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Vol. 37. Núm. 8.
Páginas 521-524 (Octubre 2019)
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Vol. 37. Núm. 8.
Páginas 521-524 (Octubre 2019)
Brief report
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Factors associated with poor linkage to HIV care and related barriers among men who have sex with men
Factores asociados a una deficiente vinculación al cuidado sanitario de la infección por el VIH y barreras relacionadas en hombres que tienen sexo con hombres
Juan Hoyosa,b, Sonia Fernández-Balbuenaa, Juan-Miguel Guerrasc, Jose Pulidoa,b,d,
Autor para correspondencia

Corresponding author.
, Luis Sordoa,b, María José Belzaa,e
a CIBER de Epidemiología y salud Pública, Madrid, Spain
b Departamento de Salud Pública y Materno-infantil, Facultad de Medicina, Universidad Complutense de Madrid, Madrid, Spain
c Centro Nacional de Epidemiología, Instituto de Salud Carlos III, Madrid, Spain
d Escuela Nacional de Sanidad, Instituto de Salud Carlos III, Madrid, Spain
e Escuela Nacional de Sanidad, Departamento de epidemiología y bioestadística, Instituto de Salud Carlos III, Madrid, Spain
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Tablas (2)
Table 1. Main characteristics of HIV positive MSM by linkage to care status (n=672).
Table 2. Prevalence and factors associated with poor linkage to carea (N=672).
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We assessed poor linkage to HIV care in a sample of HIV positive men who have sex with men (MSM) diagnosed in Spain.


From 2012 to 2013 we recruited a sample of MSM mainly through gay-dating websites. Poor linkage to care was defined as receiving the first CD4 count >3 months after HIV diagnosis. We performed a logistic regression analysis to estimate factors associated with poor linkage to care and analyzed the underlying reasons.


Some 9.4% self-reported poor linkage to care. Those diagnosed in clinical settings other than sexual health clinics or in non-clinical settings presented increased odds of poor linkage to care. The most common reason was being assigned an appointment for first CD4 count >3 months after initial HIV diagnosis.


Poor linkage to care was very low, but for further improvements fast-track referral pathways should be created, especially in contexts outside sexual health clinics.

HIV diagnosis
Men who have sex with men
Linkage to care

Analizamos la incorrecta vinculación al seguimiento médico de la infección por VIH en una muestra de hombres que tienen sexo con hombres (HSH) diagnosticados en España.


Durante 2012 y 2013 se reclutó una muestra de HSH principalmente en páginas de contactos gais. Se definió vinculación incorrecta al seguimiento a haber recibido el primer recuento de CD4>3 meses después del diagnóstico de VIH. Realizamos un análisis de regresión logística para estimar los factores asociados a una incorrecta vinculación y analizamos las razones subyacentes.


Un 9,4% refirió incorrecta vinculación al seguimiento. Los diagnosticados en contextos clínicos que no eran clínicas de infecciones de transmisión sexual (ITS) y aquellos diagnosticados en entornos no clínicos presentaron un mayor riesgo de referir una incorrecta vinculación. La razón más frecuente fue que la cita para el primer recuento de CD4 se concedió para >3 meses después del diagnóstico de VIH.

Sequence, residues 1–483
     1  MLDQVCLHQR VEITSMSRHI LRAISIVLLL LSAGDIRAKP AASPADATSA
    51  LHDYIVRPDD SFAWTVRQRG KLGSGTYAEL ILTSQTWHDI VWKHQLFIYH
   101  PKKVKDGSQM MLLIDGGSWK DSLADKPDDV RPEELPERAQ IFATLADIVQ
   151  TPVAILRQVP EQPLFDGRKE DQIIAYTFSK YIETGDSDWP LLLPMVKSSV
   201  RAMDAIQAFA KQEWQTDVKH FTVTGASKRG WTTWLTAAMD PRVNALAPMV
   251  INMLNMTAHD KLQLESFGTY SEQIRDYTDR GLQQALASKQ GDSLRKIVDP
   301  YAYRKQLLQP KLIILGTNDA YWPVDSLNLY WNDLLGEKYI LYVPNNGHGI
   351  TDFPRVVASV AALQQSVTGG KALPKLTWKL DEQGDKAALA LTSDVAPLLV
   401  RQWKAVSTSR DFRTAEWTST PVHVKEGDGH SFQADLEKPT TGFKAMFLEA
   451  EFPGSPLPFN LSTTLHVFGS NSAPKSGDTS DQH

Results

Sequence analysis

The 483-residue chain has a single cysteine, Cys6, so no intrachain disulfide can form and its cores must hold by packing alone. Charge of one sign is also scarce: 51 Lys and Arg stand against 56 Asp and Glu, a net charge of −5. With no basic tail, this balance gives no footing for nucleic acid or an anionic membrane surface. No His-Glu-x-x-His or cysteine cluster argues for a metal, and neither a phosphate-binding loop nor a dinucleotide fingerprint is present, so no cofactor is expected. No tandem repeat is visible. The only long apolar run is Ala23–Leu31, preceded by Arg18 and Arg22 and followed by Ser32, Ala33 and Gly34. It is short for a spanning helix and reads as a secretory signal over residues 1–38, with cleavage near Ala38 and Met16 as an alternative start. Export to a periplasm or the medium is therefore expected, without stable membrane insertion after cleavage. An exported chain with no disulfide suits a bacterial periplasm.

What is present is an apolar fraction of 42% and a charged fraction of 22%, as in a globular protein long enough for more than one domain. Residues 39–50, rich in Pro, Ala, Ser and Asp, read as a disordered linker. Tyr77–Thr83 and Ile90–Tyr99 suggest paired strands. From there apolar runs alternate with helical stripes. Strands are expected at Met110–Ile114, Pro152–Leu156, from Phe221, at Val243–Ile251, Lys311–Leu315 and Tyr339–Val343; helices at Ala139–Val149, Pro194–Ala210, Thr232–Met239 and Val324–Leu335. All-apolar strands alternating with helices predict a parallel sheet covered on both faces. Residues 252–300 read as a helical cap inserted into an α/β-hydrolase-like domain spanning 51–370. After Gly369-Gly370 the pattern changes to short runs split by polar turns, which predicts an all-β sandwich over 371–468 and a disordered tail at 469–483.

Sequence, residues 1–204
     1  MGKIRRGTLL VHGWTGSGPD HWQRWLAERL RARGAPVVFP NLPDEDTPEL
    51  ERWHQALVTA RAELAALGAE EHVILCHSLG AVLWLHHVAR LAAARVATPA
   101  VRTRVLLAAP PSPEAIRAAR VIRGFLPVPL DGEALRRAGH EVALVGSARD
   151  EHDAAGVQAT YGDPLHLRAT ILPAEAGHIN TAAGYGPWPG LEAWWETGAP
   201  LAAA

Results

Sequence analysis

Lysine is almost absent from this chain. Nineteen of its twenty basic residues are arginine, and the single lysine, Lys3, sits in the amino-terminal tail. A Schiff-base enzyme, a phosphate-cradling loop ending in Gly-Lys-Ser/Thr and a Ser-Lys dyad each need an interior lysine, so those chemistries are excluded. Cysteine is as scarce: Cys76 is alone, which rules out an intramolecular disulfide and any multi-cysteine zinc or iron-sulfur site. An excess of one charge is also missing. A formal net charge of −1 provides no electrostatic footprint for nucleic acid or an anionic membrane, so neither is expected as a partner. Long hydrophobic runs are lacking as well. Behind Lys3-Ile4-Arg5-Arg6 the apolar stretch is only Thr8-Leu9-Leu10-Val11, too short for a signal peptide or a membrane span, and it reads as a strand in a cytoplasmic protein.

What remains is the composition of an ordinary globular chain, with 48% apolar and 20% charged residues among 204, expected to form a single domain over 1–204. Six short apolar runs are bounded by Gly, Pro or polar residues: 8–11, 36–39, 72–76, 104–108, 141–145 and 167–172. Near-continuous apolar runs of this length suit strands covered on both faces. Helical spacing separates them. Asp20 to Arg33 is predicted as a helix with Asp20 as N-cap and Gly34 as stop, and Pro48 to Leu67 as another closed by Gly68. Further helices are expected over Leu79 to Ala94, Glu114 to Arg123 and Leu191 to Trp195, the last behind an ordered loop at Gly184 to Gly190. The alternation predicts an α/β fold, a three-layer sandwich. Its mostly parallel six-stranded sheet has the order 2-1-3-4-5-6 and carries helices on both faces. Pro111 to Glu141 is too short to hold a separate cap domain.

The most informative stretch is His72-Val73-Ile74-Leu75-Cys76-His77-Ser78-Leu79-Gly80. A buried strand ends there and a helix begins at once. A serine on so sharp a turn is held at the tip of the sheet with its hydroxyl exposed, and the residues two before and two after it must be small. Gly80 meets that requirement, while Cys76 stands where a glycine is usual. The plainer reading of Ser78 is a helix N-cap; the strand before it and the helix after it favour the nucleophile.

La incorrecta vinculación al cuidado es muy baja y para un rendimiento incluso mejor se deberán crear cauces de derivación más rápidos especialmente en contextos más allá de las clínicas de ITS.

Palabras clave:
Diagnóstico de VIH
Hombres que tienen sexo con hombres
Vinculación al cuidado
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HIV diagnosis must be followed by timely entry to care as linkage delays are associated with higher probabilities of progression to AIDS and pose a greater risk of ongoing transmission.1

In Western Europe2 linkage to care is especially good among men who have sex with men (MSM). However, given that they are disproportionately affected by HIV, the highest absolute numbers of poorly linked to care individuals are seen in this group.

As of today, there are still some questions that need to be answered if we want to further improve linkage to care in this population. Thus, we do not know which subgroups of MSM are more affected by delays of this nature. Additionally, the role of the setting of HIV diagnosis in linkage delays has never been studies in Europe. Finally, research on barriers that complicate linkage to HIV specialist care is extremely scarce. In Western Europe, it has been carried out in the United Kingdom (UK) and has focused on African communities.3,4

With this in mind, our aim is to assess the factors associated to poor linkage to care among an online recruited sample of MSM diagnosed with HIV in Spain and to assess the reasons why linkage to care did not occur during the first three months before initial diagnosis.


We conducted an online study from September 2012 to February 2013 to recruit MSM mainly through gay dating websites. Recruitment procedures are described elsewhere.5

We included MSM of ≥18 years of age with data on date of initial HIV diagnosis and first CD4 count. We restricted our sample to 672 individuals who self-reported being HIV positive and having received their diagnosis in Spain between 3 and 24 months since the day they completed the questionnaire.

Poor linkage to care was defined as having a CD4 count >3 months after being newly diagnosed with HIV or not having received the result of the first CD4 count in the moment of study participation.

Statistical analysis

We carried out a descriptive analysis by linkage to care status. Differences were assessed using the chi-square test for proportions.

The factors associated with poor linkage to care were first analyzed by bivariate analysis. Odds ratios (ORs) and 95% confidence intervals (95% CIs) were calculated to determine the magnitude and precision of associations. Multivariate logistic regression was then performed following the methodology of Hosmer and Lemeshow.6 The likelihood ratio test was used to evaluate the contribution of each variable to the model.

For those who reported poor linkage to care, we analyzed the reasons by time taken to be linked to care: 3–6 months; >6 months. The latter category also included those diagnosed more than 6 months ago and that have yet to receive a CD4 count at the moment of participation in the study.


Overall, 9.4% of the 672 HIV positive MSM were classified in the poor linkage to care category (Table 1).

Table 1.

Main characteristics of HIV positive MSM by linkage to care status (n=672).

  Prompt linkage to careaPoor linkage to carebTotalp 
  N  N  N   
Total  609  90.6  63  9.4  672  100   
Year of diagnosis0.28 
2010  63  10.3  7.9  68  10.1   
2011  210  34.5  28  44.4  238  35.4   
2012–2013  336  55.2  30  47.6  366  54.5   
≤29  191  31.4  22  34.9  213  31.7   
30–39  233  38.3  26  41.3  259  38.5   
40–49  141  23.2  14.3  150  22.3   
≥50  44  7.2  9.5  50  7.4   
Country of birth0.75 
Spain  477  78.7  50  79.4  527  78.8   
Latinamerica  86  14.2  10  15.9  96  14.3   
Others  43  7.1  4.8  46  6.9   
Has a university degree0.26 
No  263  43.2  31  49.2  294  43.8   
Yes  345  56.7  30  47.6  375  55.8   
Had been tested before receiving their diagnosis test0.79 
Yes  184  30.2  18  28.6  202  30.1